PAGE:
Bernardo PÉREZ SALAZAR
A shaman speaks his mind before officials who threaten to eradicate illegal coca crops in Colombia. Sustainability has to do with values, which cannot be dealt with as scientific or legalistic “truths”. It is a matter of learning how to manage our needs and aspirations in order to expand the possibilities of human development.
What to do with nature is something to be contested in the public’s mind. Even in the face of depletion of the goods and services that flow from present stocks of natural assets, technology implicitly supports the belief that it brings safe and sustainable satisfaction of needs and aspirations. Yet a world of unlimited possibilities is a tricky appeal. It may lead us to reduce —not increase— the asset base which future generations will inherit.
The trap lies in the idea of “optimal substitutability”. It increases the value of the capital stock available for income generation and is considered at present as an optimal path for accumulating assets. Yet it is possible that in the future, people may find other human potentials to be developed, not necessarily based on more abundant and perfected goods. If so, optimal substitution may no longer be an optimal accumulation path for coming geneeations. Technology in the future may allow people to reverse depletion. But it will be at a cost to those generations upon whom today’s values and parameters are being imposed.
he setting is a remote provincial capital in Colombia. National and U.S. officials are addressing community leaders about illegal crops, their harm and evils. When warning is issued that areas under illegal cropping will be eradicated by spraying, an old native man –a shaman– stands up and addresses the foreign officers: “If you have come so far off from your land to seek among us cure for your people’s ailments, then there is no doubt that they must be very, very ill.”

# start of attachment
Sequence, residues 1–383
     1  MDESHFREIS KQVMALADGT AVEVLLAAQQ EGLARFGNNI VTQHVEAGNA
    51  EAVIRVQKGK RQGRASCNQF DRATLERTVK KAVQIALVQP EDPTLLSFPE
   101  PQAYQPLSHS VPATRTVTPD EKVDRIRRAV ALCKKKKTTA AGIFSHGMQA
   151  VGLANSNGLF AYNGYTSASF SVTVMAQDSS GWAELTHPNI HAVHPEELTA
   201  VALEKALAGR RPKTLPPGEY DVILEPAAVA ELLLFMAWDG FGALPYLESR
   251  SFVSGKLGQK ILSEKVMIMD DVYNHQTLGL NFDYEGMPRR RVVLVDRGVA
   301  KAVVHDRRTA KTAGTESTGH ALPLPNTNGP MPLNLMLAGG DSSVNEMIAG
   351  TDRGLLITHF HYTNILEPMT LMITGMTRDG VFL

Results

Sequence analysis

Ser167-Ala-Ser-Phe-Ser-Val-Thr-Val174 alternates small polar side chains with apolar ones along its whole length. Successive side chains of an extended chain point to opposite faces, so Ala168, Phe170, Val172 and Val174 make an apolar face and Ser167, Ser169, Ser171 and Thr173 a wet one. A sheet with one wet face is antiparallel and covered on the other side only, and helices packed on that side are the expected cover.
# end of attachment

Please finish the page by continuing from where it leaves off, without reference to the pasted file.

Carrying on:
The wise man’s irony underlines what is common sense: no cure will be found for society’s ills by eradicating a bush, in this case, the coca bush Erythroxylon sp.. For the old man eradication is nonsense. In his mind coca is not just a bush but an ancestral cultural legacy: hundreds of generations over thousands of years have improved it by purposeful domestication in response to their particular needs, values and environment. Its properties are widely valued: there was a time when coca leaves were universally accepted as trading currency among native peoples in large parts of South America, and today it gives its name to one of the world’s best selling soft drink. So the thought that any solution may be found by eradicating this or any other bush, amounts to as much nonsense as to condemn the cultural values of the people that nurtured and selected its present day properties.